Docket Management
Docket: 02N-0209 - Request for Comment on First Amendment Issues
Comment Number: EC -120

Accepted - Volume 2

Comment Record
Commentor Mr. Gerald Wolke Date/Time 2002-06-10 13:19:14
Organization Mr. Gerald Wolke
Category Health Professional

Comments for FDA General
Questions
1. Are there arguments for regulating speech about drugs more comprehensively than, for example, about dietary supplements? What must an administrative record contain to sustain such a position? In particular, could FDA sustain a position that certain promotional speech about drugs is inherently misleading, unless it complies with FDA requirements? Does anything turn on whether the speech is made to learned intermediaries or to consumers? What is the evidentiary basis of such a distinction? No. Free speech is just that. It isn't up to you to decide what is misleading. There are no standards for that. Nor does education matter.The founding fathers correctly determined that having a government authority decide what is correct, whether politically or commercially,is the abolition of free speech and tyranny. They also realized that in a free exchange of information, so-called misleading speech would be countered by different and even opposing opinions. Despite court opinions against you, you are still breaking the fundamental law of the land. Shame on you.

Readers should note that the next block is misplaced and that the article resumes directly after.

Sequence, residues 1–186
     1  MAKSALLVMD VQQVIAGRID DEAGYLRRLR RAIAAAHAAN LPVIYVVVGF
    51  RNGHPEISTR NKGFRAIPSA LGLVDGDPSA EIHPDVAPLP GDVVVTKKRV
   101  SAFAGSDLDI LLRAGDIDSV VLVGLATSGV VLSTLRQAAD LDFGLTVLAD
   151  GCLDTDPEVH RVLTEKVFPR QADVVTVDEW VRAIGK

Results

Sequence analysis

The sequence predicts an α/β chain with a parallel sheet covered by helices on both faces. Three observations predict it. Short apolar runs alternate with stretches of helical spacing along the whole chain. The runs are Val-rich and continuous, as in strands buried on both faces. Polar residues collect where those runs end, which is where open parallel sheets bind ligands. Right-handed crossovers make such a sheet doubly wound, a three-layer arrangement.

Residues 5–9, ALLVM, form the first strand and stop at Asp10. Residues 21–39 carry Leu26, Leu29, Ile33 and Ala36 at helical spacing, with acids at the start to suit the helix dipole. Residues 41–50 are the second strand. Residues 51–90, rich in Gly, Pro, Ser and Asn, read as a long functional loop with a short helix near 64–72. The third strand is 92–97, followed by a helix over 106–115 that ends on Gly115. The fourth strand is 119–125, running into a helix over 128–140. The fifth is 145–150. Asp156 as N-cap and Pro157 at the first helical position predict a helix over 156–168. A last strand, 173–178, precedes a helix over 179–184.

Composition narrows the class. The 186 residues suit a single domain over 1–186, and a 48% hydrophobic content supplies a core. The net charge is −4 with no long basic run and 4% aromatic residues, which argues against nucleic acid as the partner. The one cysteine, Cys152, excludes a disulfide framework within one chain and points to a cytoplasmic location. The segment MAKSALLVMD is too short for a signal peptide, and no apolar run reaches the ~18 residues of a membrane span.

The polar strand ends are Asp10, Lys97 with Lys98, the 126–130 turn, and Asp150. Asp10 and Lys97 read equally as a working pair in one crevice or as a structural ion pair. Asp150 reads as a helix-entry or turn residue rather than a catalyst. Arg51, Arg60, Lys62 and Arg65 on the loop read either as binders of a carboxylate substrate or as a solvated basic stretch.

2. Is FDA's current position regarding direct-to-consumer and other advertisements consistent with empirical research on the effects of those advertisements, as well as with relevant legal authority? What are the positive and negative effects, if any, of industry's promotion of prescription drugs, biologics, and/or devices? Does the current regulatory approach and its implementation by industry lead to over-prescription of drugs? Do they increase physician visits or patient compliance with medication regimes? Do they cause patient visits that lead to treatment for under-diagnosed diseases? Does FDA's current approach and its implementation by industry lead to adequate treatment for under-diagnosed diseases? Do they lead to adequate patient understanding of the potential risks associated with use of drugs? Does FDA's current approach and its implementation by industry create any impediments to the ability of doctors to give optimal medical advice or prescribe optimal treatment? Again, this is not your problem. In this information age, people can access information at will. They are not children and don't need keepers. Instead of breaking the law you should trust the people to create their own solutions.As Herbert Spencer put it, to protect people from their follies is to create a society of fools. Without the false belief that the FDA knows the absolute facts, when in fact it is trafficking in biased opinions often promulgated by so-called experts with ties to the drug industry, people will establish other sources of information. The continuing practice of squashing free speech merely prevents the free flow of information and innovation.